implementation of PPM, we, as a company, are committed to 
finding a way to resolve our issues for the betterment of our 
company and our ability to serve our community. We are hopeful 
that by working with all parties, including Arbitron, to find 
these solutions, our goal is to achieve a more accurate and 
stable result in ratings that reflect a more representative 
account of all minority listeners. The best way, in our 
opinion, would be MRC accreditation in all markets. We are 
resolute to have that be our eventual goal.
    Thank you.
    [The prepared statement of Mr. Flores follows:]


    Chairman Towns. Thank you very much for your testimony.
    Mr. Liggins.


    Mr. Liggins. Thank you, Chairman Towns, Ranking Member 
Issa, and other members of the committee for providing me the 
opportunity to testify.
    For those of you I have not met, let me introduce myself. I 
am Alfred Liggins, CEO of Radio One, Inc. As you heard earlier, 
we are the largest media company targeting African-Americans in 
the United States. We are a multi-platform company that 
includes radio, Internet, satellite, and our nationally 
distributed cable network, TV One.
    As owner of 52 radio stations located in 16 urban markets, 
I want to express both my support and confidence in the future 
of urban radio in a PPM world. My understanding is that during 
this hearing, you are asking, does PPM affect the diversity of 
radio and is it contributing to minority radio's decline? I 
categorically say that I believe in both the short- and long-
run, PPM is neither affecting the diversity of our air waves 
nor contributing to the decline in minority radio.
    Rather, what PPM has done is expose some poor choices made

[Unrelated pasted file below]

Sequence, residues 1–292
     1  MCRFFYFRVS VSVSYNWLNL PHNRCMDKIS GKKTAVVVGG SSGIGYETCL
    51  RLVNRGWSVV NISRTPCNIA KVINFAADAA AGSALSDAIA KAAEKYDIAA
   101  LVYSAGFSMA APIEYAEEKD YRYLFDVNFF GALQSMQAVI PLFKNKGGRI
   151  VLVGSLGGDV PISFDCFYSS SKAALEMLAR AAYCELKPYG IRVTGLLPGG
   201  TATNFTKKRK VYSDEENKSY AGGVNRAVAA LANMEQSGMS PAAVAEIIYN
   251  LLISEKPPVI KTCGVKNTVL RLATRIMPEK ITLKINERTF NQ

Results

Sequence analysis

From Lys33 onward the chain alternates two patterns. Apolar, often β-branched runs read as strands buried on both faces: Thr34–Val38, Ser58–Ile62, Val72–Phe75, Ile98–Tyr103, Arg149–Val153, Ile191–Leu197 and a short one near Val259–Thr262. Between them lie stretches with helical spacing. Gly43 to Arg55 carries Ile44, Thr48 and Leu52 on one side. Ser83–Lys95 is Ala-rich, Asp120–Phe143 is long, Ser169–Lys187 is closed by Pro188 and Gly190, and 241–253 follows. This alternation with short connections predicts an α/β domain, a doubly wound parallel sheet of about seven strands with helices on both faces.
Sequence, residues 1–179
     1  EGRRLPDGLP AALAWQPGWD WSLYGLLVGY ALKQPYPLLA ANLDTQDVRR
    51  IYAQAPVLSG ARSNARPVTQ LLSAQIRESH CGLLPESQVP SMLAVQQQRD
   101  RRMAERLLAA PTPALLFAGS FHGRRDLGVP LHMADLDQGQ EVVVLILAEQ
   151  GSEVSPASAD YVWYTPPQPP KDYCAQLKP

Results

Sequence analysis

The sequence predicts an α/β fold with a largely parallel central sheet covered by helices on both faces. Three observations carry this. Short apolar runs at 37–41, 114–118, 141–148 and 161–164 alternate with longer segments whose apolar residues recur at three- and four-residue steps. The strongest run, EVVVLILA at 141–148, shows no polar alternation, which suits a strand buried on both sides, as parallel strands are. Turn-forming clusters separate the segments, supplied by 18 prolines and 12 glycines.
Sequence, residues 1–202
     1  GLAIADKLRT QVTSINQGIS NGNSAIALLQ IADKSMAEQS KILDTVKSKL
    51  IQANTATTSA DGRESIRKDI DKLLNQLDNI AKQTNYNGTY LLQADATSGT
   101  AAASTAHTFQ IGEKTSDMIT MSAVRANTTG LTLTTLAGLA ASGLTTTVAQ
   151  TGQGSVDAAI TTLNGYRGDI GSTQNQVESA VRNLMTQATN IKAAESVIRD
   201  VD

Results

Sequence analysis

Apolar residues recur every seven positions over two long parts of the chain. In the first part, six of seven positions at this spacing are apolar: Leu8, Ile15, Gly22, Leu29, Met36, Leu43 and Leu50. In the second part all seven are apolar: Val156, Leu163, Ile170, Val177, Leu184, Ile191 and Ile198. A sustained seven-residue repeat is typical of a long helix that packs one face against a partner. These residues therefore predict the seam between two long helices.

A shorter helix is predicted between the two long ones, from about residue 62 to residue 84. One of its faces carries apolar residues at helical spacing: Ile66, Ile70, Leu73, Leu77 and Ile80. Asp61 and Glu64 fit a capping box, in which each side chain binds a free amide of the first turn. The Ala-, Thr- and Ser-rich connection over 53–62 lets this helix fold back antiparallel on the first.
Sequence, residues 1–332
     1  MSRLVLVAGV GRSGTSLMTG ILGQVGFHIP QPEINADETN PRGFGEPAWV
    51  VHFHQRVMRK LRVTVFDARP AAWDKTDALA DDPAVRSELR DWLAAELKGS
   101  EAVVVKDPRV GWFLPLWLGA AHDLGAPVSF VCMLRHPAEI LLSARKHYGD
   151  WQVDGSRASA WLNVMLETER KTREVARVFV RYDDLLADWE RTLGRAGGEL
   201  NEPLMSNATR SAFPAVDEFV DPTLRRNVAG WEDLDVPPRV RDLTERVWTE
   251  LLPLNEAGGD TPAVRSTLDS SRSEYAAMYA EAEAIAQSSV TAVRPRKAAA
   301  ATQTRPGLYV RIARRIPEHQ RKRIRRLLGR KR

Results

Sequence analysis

during the good times before this recession hit. Some 
broadcasters became over-leveraged, including ourselves, and 
perhaps expanded when they should not have and some 
broadcasters launched urban formatted stations in markets where 
there are already established urban radio stations, many that 
we have owned and many our colleagues in the minority radio 
business have owned and we drew competitors that we should not 
    I do not believe that the commercialization of PPM is to 
blame for the problems currently facing some minority 
broadcasters. Based on our own PPM experience, PPM does not 
discriminate against minority-owned broadcasters or urban 
formatted stations. There are always short-term dislocations in 
a learning curve when a new technology is adopted, but PPM is 
the new reality and I would much rather get reality on the road 
now and keep it moving forward than to delay it.
    The heated dispute and controversy result primarily from 
the fact that the PPM device, as compared to the paper diary, 
can have a downward impact on the average quarter hour rating 
or AQH, which is a result of dramatically increased audiences 
combined with lower amounts of time spent listening.
    The average quarter hour rating numbers with PPM are 
generally lower for most stations in all markets regardless of 
format. Radio One has seen dramatic declines in its AQH ratings 
after PPM's commercialization in a market. However, by 
designing our programming for a PPM world, including fine 
tuning our music, promotions and commercial breaks, we have 
regained most, if not all, of our pre-PPM ranked positions 
without changing formats. Although our audiences are smaller, 
our rank has returned and in many cases, that ranks us as No. 
1, 2 or 3 in different markets.
    The reduction in reported average quarter hour listening 
from diary to PPM is not, in my opinion, caused by racial bias, 
but rather, is due to the fact that the diary is a subjective